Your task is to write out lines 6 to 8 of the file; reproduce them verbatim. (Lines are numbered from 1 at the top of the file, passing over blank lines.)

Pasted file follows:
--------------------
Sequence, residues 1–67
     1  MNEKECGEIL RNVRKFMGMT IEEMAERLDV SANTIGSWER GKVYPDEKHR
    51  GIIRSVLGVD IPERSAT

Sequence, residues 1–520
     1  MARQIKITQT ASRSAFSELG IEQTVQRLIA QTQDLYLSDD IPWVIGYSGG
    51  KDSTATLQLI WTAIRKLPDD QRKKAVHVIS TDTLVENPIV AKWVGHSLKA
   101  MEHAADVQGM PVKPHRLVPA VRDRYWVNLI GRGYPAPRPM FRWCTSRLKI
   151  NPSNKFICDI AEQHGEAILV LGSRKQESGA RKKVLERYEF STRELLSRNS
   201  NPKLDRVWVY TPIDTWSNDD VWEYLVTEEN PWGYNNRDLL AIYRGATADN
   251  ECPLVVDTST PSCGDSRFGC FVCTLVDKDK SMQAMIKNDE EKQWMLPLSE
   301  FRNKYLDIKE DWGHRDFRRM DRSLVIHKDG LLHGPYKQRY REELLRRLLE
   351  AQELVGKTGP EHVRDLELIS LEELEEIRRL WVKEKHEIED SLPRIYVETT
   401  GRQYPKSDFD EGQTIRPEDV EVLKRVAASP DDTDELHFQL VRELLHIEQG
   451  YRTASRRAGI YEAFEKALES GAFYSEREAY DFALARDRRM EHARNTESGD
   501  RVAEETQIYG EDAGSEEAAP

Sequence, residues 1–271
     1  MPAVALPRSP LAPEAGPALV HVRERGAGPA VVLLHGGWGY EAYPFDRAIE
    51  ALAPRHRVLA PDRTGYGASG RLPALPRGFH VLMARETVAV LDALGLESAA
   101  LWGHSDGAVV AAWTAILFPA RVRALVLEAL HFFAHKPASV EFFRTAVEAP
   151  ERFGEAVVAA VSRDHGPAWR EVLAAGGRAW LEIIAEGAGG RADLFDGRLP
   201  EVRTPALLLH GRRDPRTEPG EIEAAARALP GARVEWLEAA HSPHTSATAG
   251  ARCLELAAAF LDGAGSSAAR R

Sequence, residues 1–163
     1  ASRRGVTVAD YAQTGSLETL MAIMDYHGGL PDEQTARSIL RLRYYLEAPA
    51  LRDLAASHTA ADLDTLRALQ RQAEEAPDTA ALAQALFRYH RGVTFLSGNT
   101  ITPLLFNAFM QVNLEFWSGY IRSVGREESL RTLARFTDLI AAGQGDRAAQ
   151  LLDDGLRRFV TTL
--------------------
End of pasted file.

    51  KDSTATLQLI WTAIRKLPDD QRKKAVHVIS TDTLVENPIV AKWVGHSLKA
   101  MEHAADVQGM PVKPHRLVPA VRDRYWVNLI GRGYPAPRPM FRWCTSRLKI
   151  NPSNKFICDI AEQHGEAILV LGSRKQESGA RKKVLERYEF STRELLSRNS